Five years on, there was a very different look about the Bathurst grid. Peter Brock was no longer a member of HDT, having left at the end of 1974 following disagreements with Harry Firth. Even more sensationally, neither was Colin Bond, who had committed the cardinal sin of defecting to Allan Moffat’s Ford Works Team at the beginning of 1977.
Ford had ceased providing factory involvement in 1974, but by 1977, it was back – attacking Australian touring car racing with all guns blazing. American engineer Carroll Smith was appointed team manager and his skill with car preparation helped the Moffat Ford Dealer Team record six one-two finishes during the 1977 ATCC. The controversial Canadian won seven of the 11 rounds on his way to his third ATCC title, with teammate Bond a distant second.
"I think people under-estimate how important Allan Moffat was to the whole scene," says JB. "He brought a level of professionalism and focus to motorsport in Australia that I honestly don’t think he’s given credit for. He was the first true professional driver."
This increased level of professionalism was plainly obvious. Cars were now delivered to race meetings in transporters and the cars themselves now looked like proper racers with huge slick tyres. Bathurst 1977 rules also allowed drivers and pit crews to communicate with each other for the first time through the introduction of two-way radios.
Overseas interest in the Australian endurance race had never been higher as 11 international drivers (not including our Kiwi cousins) lined up on the grid. International co-drivers were a hot pre-race topic, particularly as one would be sharing Allan Moffat’s No. 1 XC Hardtop.
With just a month to go until the race, Ford senior management informed Moffat that – contrary to the race team’s plans – he and Colin Bond would not be allowed to share the same car. Incensed, he immediately contacted Belgian Jacky Ickx, an eight-time Grand Prix winner and regarded at the time as the finest endurance driver in the world, having just won his fourth Le Mans.
"I’d met and driven with Jacky Ickx a number of years earlier at Fuji," explains Moffat. "I wrote him a letter and gave him the sales pitch. I told him what a fine car we had and that Bathurst was a great track and would he consider being my co-driver? He rang back instantly and said ‘When do I leave?’ It was really a very nice, pleasant association but I was still unhappy that the whole plan in my mind was that Colin and I would be the teammates in the lead car and that wasn’t to be."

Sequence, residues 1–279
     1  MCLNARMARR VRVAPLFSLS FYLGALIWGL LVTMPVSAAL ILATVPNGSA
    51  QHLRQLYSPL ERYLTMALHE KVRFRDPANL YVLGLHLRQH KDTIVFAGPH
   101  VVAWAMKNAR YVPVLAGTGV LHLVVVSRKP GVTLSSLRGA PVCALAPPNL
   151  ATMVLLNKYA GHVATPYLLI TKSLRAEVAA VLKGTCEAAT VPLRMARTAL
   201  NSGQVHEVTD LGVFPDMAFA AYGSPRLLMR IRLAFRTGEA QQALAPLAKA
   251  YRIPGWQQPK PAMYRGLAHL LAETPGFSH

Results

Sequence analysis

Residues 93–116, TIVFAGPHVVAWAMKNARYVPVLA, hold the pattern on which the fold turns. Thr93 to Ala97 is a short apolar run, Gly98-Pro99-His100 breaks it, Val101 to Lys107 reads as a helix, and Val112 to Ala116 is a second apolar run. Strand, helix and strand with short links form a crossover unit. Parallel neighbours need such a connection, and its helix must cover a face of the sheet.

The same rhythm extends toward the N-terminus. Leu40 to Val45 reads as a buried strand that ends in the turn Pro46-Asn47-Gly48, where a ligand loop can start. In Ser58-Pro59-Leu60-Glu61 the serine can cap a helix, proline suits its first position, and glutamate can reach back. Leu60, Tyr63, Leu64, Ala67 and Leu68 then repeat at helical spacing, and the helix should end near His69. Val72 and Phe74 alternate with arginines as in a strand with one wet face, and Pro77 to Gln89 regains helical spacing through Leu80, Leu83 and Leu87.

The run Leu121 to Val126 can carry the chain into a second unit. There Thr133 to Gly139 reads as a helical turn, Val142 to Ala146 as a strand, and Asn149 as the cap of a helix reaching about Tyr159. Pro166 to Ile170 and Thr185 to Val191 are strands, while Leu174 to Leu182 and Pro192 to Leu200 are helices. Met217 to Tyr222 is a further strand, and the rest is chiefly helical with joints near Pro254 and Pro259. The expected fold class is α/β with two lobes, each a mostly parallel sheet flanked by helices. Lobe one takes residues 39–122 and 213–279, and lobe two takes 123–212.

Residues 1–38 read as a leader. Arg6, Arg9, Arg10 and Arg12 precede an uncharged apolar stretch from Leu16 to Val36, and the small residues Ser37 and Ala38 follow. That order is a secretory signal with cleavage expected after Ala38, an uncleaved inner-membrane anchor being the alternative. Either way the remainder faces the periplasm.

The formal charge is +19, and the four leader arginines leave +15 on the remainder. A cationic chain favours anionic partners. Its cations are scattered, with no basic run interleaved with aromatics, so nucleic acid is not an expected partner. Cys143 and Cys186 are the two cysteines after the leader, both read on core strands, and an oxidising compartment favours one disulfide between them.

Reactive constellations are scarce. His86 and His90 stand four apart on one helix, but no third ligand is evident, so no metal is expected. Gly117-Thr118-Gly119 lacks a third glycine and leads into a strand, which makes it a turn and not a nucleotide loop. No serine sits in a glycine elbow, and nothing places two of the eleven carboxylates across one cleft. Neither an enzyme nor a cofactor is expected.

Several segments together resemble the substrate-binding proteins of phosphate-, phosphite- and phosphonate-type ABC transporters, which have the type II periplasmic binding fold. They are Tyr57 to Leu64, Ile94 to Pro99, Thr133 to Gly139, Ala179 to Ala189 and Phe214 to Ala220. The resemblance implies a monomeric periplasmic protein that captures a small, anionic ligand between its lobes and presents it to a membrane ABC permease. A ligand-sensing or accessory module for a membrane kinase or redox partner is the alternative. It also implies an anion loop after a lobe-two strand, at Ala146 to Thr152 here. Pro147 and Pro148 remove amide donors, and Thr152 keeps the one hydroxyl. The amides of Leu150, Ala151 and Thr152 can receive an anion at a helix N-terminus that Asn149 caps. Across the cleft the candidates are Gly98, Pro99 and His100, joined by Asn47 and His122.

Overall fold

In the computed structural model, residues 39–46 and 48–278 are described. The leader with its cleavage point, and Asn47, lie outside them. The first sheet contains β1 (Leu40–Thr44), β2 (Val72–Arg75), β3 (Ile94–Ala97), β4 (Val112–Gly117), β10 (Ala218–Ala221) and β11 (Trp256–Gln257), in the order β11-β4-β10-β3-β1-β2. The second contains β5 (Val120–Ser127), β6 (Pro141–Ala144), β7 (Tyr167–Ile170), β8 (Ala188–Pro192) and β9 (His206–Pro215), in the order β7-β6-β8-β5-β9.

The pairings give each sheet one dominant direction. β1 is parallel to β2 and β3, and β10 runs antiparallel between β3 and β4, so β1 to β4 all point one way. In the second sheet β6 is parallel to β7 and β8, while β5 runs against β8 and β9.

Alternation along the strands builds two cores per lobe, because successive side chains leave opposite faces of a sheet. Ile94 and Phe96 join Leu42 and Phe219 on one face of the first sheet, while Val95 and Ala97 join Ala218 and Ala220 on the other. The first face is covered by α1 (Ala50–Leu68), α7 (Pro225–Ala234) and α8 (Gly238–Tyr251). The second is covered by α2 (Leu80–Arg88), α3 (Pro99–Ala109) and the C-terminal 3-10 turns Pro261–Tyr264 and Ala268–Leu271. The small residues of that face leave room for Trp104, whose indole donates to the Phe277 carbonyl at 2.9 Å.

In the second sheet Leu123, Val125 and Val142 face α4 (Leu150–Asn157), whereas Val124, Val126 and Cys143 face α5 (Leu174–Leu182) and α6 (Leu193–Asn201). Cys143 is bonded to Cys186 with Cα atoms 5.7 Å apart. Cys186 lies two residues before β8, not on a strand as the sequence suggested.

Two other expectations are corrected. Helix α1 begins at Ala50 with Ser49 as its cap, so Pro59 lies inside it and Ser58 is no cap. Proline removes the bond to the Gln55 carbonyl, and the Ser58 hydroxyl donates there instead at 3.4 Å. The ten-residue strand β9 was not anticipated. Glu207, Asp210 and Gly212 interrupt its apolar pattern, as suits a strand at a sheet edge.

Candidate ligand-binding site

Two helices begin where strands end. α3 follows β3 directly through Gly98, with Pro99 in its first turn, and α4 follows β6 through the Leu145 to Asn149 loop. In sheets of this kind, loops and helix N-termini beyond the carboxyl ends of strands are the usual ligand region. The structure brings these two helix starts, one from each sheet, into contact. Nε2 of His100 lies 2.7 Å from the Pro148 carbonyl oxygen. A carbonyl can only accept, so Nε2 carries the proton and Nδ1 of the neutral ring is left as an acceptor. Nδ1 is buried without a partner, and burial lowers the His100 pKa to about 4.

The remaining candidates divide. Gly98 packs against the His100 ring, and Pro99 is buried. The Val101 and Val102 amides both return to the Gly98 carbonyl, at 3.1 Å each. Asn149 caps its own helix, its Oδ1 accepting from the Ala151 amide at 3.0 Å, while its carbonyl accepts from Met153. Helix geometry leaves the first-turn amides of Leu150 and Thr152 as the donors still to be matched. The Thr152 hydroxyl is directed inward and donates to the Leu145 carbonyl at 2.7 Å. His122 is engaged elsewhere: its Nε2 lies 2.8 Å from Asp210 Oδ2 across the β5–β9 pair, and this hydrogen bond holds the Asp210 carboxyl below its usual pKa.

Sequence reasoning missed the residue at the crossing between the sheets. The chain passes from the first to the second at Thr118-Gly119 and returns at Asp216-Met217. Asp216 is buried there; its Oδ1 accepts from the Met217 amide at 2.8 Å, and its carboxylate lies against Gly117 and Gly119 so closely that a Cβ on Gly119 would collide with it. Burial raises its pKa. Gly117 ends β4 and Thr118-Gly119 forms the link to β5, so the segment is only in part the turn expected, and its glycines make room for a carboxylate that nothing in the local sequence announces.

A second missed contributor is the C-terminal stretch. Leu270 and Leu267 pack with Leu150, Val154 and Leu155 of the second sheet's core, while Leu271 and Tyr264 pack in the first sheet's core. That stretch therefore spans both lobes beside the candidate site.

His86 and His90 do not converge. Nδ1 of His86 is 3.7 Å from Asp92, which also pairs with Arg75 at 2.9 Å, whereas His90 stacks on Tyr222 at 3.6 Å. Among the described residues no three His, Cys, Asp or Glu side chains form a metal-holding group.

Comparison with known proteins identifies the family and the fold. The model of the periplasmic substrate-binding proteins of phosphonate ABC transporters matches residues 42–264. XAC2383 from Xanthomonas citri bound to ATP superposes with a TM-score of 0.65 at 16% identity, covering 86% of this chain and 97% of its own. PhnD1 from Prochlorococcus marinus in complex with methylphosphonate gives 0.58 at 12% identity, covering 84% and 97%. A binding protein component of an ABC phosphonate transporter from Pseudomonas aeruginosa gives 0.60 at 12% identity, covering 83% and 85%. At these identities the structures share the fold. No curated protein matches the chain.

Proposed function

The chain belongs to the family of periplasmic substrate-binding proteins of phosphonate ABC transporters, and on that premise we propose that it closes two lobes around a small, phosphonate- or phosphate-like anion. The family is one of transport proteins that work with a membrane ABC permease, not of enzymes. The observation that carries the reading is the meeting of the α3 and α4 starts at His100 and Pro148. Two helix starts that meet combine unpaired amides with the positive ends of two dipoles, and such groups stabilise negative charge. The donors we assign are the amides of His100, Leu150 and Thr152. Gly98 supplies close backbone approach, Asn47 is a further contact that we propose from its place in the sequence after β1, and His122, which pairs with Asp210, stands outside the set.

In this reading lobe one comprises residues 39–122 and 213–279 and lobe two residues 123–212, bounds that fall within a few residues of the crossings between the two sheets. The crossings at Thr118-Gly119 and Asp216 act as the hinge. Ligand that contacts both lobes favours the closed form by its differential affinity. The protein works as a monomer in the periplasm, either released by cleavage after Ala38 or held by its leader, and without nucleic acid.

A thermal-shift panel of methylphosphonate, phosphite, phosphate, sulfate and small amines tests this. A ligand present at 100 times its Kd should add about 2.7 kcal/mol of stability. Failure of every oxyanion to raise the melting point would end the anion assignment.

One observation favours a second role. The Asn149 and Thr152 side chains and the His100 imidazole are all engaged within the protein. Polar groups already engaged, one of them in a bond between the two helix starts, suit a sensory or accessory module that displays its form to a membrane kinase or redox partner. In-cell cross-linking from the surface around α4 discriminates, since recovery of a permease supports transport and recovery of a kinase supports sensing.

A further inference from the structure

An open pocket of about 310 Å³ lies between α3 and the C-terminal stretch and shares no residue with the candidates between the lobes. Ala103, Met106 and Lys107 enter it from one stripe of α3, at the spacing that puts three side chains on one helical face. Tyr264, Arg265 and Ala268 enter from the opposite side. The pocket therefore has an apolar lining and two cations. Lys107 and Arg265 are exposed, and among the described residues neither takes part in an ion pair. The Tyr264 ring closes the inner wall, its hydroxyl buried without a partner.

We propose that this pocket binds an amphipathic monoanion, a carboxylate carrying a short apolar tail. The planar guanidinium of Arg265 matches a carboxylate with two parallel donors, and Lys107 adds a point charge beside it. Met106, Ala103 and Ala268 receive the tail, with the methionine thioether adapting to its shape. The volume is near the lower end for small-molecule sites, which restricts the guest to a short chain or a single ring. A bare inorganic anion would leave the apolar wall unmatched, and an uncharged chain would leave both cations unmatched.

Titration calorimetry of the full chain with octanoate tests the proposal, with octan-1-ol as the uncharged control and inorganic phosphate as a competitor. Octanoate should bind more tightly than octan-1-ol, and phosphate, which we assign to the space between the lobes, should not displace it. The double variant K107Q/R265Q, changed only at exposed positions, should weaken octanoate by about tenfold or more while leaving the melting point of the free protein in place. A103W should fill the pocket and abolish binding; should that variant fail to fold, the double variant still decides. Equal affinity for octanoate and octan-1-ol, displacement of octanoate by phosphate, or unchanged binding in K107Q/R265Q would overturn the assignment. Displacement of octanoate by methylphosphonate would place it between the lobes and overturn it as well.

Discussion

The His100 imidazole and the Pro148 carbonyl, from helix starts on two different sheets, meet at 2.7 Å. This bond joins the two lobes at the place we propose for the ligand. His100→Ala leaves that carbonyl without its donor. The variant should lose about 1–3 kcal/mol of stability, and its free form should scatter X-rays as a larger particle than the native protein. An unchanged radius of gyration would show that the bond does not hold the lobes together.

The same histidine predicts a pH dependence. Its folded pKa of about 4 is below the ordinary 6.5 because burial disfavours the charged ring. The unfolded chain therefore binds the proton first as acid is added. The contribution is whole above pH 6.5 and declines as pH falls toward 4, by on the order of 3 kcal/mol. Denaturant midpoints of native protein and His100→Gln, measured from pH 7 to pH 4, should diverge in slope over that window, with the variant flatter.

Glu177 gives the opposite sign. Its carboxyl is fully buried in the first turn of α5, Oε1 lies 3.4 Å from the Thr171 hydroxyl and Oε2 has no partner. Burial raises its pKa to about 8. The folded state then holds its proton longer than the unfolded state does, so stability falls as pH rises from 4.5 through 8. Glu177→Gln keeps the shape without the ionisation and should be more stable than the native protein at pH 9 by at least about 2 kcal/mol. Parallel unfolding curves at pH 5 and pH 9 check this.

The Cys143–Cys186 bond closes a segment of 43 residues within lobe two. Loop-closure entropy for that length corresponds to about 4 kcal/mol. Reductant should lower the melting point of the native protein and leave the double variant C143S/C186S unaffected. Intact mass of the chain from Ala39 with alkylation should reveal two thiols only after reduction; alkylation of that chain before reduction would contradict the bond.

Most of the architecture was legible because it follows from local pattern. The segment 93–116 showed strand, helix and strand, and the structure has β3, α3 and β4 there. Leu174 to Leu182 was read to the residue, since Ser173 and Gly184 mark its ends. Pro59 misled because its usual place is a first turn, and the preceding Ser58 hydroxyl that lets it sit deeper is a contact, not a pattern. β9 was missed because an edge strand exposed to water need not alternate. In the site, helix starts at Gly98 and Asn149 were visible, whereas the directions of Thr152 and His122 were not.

Ickx’s most recent Le Mans success had come at the wheel of the Porsche 936 Spyder, a 540bhp/740kg sports prototype capable of 350km/h. It’s fair to say that driving even Australia’s best-prepared touring car was a bit of a culture shock.
"When Jacky arrived, we picked him up and we got to the track early in the morning," recalls Moffat. "He went out and did one lap and came in [to the pits]. I walked over and said ‘Jacky, what’s wrong?’ He said (Moffat mimics Ickx’s Belgian accent) ‘Allan, the car, it does not stop!’
"At Le Mans they only stopped about 350 yards from the end of the Mulsanne Straight. Well, he thought he was on a pretty Mulsanne-y type of straight so why wouldn’t he go down to 350 yards. He only did it once," laughs Moffat.
Another famous sportscar name adorns our featured XC Hardtop. Henri Pescarolo had won the 1972 Le Mans 24 Hours and was a veteran of 64 F1 Grands Prix by the time Tasmanian John Goss invited him to co-drive at the 1977 race. The pair also competed together in 1978 and ’79 (the car you see here is in 1979 livery) but they failed to finish each time.
Moffat and Ickx were much more successful. Holden’s new Torana A9Xs were expected to challenge strongly, but in the race, nothing could match the Fords. Not that the win came easily, however. Moffat struggled with brake problems for much of the latter stages of the race, allowing Colin Bond to close on to his tail with only a handful of laps remaining.
The resulting imagery of the two works Fords running down Conrod side-by-side before crossing the line inches apart – handing Ickx the first and only win by a Bathurst rookie until Nick Percat’s victory with Garth Tander in the 2011 event – became one of Australian motor racing’s defining moments.
"The helicopter was the greatest thing Channel Seven ever did," says Moffat. "They came down lower than I’m sure aviation standards permitted them to to follow us down Conrod on the last lap. "On that last lap, Colin came parallel with me under brakes for the left-hander at the end of the straight and then a quarter of a bonnet in front. I sent a psychic message to him, ‘Colin, remember who is signing the cheque tomorrow morning’. I must hand it to him, it was beautiful teamwork. He could have got a little bit over-excited and gunned it but he didn’t do that."
JB succinctly outlines the scale of the achievement, "Those cars were probably the pinnacle of [Moffat’s] racing organisation. To be able to manage a form finish after 1000km of racing is a huge achievement."
· 1977 Hardie-Ferodo 1000 – 1st (Moffat/Ickx)
· 1977 Hardie-Ferodo 1000 – 2nd (Bond/Hamilton)
· 1977 ATCC – 1st (Allan Moffat, 7 wins)
· 1977 ATCC – 2nd (Colin Bond, 1 win)